A copyist cannot enjoy copyright.

In ICIC (directory publication limited) V. Ekko Delta (Nigeria Limited) and another, the plaintiff who were publishers of the national telephone directory of Nigeria published the directory of incorporated companies in Nigeria. The defendants also published the same. Leading to a depression in the plaintiff’s business. When sued, the defendants were able to prove that the directories were not the original work of the plaintiffs as they copied from the federal ministry of trade and those of P and T and then turned around to claim ownership. The court restated that a copyist cannot enjoy copyright.


As such, it can be seen that independent skill, judgment and effort must have been expended in producing the literary, musical or artistic work… it must not be a mere copy of another’s work.

There is no fixed quantum but a little independent level may suffice. Some jurisdictions refer to this requirement as the sweat of the brow principle.

  • Compilations can be protected but the compiler must seek permission from the owners of the work.
  • The various authors in a particular book have copyright in their works and can use it anywhere. The editor is the owner of the copyright of the book.
  • A change in medium or translation can accord one with copyright.

In Byrne V. Statist Company, On the request of his employer, the employee (a newspaper editorial staff of financial times) summarized and translated a speech. The court held that the employee had copyright in the translation because even though he was employed, it was done in his own time.

Factual things like; news, historical facts, and so on… belong to the public domain and can be used by anyone so long as it was not copied from another person’s work verbatim. The reporter should apply skill in the diction he uses and the way such report is presented.

In Chicago Record-Herald V. Tribune Association: The court held that the Herald, in using parts of the article published by the Tribune including the style and presentation, had infringed the copyright of the tribune. Notwithstanding the fact that they gave credit to the tribune.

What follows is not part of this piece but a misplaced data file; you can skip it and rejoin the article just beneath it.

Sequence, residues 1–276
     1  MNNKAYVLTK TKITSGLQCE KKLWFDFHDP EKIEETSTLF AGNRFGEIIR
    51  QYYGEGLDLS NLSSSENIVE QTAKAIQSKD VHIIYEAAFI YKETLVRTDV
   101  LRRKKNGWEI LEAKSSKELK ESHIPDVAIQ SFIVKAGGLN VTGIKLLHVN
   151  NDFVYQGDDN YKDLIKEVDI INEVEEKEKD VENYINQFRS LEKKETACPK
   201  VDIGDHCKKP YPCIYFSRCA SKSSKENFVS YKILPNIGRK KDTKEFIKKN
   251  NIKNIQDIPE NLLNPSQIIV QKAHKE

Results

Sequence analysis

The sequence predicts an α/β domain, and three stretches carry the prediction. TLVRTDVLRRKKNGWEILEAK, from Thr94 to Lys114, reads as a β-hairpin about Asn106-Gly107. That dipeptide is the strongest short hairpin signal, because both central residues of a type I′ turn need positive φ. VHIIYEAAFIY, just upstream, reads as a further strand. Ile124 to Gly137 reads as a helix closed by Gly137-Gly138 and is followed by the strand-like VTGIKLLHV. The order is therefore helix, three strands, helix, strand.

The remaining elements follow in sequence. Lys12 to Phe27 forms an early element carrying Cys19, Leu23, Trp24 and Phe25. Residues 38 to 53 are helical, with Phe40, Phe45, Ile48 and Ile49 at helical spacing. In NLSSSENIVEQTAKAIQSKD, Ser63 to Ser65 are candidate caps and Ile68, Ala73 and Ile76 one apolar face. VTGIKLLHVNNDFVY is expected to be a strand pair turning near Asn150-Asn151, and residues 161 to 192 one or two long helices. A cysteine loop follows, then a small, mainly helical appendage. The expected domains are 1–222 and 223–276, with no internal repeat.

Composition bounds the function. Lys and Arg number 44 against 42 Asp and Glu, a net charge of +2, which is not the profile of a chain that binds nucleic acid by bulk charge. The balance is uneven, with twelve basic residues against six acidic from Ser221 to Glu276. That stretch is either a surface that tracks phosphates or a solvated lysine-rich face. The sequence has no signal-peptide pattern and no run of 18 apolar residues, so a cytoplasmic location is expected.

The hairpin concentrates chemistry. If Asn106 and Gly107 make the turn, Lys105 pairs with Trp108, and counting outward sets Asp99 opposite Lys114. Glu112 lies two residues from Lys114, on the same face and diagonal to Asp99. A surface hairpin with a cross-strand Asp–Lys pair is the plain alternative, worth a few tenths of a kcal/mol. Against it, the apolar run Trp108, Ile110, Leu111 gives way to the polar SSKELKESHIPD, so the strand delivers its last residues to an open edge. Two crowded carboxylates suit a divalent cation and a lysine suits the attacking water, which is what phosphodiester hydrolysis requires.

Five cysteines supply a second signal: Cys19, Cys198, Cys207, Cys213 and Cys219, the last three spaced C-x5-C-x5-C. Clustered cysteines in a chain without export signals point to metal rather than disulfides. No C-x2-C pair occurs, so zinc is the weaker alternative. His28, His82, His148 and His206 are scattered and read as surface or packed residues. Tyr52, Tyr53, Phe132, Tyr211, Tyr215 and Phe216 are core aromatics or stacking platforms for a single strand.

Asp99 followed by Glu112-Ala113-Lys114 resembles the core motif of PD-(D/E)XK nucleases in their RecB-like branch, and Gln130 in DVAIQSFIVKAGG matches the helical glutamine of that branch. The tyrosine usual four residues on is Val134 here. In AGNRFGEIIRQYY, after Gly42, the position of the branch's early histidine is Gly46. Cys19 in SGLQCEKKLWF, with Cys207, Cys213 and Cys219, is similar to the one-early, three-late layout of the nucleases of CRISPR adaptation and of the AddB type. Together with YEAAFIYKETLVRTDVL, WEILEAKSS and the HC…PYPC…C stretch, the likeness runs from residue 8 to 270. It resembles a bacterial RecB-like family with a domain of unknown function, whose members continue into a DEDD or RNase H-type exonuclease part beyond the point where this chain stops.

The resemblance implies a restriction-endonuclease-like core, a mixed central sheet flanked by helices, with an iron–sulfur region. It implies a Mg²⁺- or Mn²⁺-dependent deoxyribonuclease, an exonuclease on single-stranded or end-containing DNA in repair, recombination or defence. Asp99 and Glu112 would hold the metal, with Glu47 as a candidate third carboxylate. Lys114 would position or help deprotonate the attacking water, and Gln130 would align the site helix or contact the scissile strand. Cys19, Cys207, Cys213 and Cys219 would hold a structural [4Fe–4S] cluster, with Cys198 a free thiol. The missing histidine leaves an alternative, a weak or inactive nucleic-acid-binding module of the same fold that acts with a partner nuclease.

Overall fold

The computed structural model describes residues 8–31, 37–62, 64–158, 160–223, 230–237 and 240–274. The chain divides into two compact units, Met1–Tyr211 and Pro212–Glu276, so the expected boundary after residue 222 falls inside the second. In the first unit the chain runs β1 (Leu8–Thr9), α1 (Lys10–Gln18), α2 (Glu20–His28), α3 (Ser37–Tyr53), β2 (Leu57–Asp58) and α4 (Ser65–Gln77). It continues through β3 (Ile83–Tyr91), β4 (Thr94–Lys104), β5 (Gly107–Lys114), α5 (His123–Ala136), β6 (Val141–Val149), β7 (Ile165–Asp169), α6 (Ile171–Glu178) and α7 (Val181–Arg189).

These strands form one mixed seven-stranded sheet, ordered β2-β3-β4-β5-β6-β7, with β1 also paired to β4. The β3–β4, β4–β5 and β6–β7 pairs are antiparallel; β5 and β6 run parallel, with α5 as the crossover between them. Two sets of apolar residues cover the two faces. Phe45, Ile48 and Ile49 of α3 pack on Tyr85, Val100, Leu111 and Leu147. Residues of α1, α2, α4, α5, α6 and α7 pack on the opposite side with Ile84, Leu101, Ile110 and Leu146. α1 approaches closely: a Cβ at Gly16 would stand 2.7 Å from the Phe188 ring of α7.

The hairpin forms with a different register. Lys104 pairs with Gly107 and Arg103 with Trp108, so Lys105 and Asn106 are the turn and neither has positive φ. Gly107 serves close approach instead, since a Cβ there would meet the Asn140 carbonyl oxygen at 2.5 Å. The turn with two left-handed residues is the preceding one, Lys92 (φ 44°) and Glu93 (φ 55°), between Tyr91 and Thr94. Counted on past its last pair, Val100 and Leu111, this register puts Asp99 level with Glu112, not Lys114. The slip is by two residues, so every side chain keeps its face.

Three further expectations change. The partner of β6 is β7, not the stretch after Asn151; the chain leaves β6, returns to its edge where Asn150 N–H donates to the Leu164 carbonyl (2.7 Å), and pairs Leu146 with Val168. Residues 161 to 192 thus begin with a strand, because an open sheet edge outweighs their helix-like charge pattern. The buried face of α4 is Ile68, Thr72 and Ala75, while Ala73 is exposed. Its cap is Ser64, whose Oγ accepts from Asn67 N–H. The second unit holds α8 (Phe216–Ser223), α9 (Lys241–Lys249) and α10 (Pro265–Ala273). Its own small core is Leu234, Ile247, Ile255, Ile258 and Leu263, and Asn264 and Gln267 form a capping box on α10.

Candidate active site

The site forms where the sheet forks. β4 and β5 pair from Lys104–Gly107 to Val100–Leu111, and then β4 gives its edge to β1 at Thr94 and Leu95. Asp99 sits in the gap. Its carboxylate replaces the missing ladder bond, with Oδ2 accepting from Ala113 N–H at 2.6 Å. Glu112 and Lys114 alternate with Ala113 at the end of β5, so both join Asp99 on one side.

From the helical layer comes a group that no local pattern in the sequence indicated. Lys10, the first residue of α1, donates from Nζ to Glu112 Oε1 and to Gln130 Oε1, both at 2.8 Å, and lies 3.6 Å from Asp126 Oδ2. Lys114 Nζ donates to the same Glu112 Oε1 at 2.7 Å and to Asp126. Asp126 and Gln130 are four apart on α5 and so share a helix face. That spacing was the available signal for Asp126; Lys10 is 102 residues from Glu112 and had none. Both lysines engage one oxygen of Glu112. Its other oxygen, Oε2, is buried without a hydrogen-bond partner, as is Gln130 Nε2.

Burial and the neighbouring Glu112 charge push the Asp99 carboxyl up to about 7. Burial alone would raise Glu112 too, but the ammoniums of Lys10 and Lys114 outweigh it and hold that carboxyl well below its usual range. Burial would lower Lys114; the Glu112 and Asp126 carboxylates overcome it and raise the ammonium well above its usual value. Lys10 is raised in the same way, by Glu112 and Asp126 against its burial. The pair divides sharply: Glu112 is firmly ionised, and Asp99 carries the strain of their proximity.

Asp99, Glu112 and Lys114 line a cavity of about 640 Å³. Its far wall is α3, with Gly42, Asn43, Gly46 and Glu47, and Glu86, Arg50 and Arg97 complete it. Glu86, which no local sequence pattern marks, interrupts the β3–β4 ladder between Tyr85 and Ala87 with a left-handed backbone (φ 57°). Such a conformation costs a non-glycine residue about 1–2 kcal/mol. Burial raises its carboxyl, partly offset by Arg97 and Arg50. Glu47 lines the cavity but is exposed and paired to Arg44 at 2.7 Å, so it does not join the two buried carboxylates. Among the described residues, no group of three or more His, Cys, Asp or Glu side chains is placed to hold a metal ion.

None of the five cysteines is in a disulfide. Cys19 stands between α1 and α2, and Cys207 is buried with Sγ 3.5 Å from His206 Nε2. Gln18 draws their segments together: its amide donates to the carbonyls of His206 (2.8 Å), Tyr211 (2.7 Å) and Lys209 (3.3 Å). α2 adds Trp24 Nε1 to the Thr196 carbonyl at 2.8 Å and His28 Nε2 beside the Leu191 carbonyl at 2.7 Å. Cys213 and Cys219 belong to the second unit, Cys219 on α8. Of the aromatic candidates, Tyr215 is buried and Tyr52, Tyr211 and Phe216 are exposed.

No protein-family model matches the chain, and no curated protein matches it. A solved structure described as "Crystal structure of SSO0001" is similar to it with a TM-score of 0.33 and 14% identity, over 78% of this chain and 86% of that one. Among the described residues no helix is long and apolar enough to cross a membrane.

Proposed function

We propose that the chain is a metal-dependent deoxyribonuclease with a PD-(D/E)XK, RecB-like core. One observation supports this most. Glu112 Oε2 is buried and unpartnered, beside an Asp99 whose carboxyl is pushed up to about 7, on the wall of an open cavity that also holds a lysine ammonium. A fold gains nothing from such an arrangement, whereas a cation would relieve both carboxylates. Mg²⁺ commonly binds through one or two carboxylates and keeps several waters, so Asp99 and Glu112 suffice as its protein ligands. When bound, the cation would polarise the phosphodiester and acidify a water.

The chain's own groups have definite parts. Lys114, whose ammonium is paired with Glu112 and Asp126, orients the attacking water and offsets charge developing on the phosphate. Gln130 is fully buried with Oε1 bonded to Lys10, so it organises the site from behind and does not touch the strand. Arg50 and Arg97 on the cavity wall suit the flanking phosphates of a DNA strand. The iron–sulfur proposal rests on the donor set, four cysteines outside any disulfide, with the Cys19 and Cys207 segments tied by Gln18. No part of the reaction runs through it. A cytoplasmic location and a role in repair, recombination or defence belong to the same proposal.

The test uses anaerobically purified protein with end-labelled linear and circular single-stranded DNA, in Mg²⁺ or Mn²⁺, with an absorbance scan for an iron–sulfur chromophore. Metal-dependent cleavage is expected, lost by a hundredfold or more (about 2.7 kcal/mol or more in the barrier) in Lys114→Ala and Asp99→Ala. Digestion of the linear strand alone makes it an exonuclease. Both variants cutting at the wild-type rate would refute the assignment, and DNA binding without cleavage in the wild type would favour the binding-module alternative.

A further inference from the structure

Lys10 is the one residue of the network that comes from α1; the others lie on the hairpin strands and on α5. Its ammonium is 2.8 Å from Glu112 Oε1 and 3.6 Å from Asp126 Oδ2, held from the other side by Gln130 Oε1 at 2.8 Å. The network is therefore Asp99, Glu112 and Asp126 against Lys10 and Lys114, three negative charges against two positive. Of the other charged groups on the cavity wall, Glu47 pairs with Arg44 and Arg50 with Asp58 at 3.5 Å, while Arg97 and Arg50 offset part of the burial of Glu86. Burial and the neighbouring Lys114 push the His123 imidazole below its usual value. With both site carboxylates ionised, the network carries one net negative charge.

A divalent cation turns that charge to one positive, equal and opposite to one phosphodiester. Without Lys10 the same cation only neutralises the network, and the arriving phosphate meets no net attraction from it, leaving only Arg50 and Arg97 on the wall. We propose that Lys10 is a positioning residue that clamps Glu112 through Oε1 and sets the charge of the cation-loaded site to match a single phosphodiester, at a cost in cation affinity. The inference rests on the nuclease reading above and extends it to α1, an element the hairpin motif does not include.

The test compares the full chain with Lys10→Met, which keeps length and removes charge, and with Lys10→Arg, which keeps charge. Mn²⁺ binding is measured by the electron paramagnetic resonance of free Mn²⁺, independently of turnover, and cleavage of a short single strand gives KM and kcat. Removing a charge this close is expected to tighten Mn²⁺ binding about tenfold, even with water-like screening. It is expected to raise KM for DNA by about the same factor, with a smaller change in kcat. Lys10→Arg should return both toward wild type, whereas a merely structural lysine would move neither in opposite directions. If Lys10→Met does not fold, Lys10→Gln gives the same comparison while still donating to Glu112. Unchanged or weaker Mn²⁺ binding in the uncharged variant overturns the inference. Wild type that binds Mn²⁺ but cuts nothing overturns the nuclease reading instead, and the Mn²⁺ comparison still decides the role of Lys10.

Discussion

Copinger and Skone James posit that in determining if a work is original, the work should be looked upon as a whole.



A title can be defined as a descriptive heading or a heading that identifies a work.

Generally, titles in themselves are not protected by copyright for being too short and insubstantial.

A claimant who wants to secure victory is advised to seek protection under trademark or alternatively make his claim under the tort of passing off.

In Exxon Corporation V. Exxon Insurance Consultants International Limited: The court held that there is no copyright in a name alone. It went further to note that even if the plaintiff sought protection under trademark, their claim would likely fail because the infringer in this instant case was not in the same market segment as the claimant.


In Francis, Day and Hunter limited V. 20th Century Fox limited: The court held that a title was too insubstantial to be accorded copyright.

In Adenusi V. Aromolarun: The court held that the title “English Verbal Aptitude Test” is ineligible for copyright protection.

In Dick V. Yates- the court held that a title should be sufficiently lengthy and independent skill and labour must have been applied in its creation for a title to be accorded protection.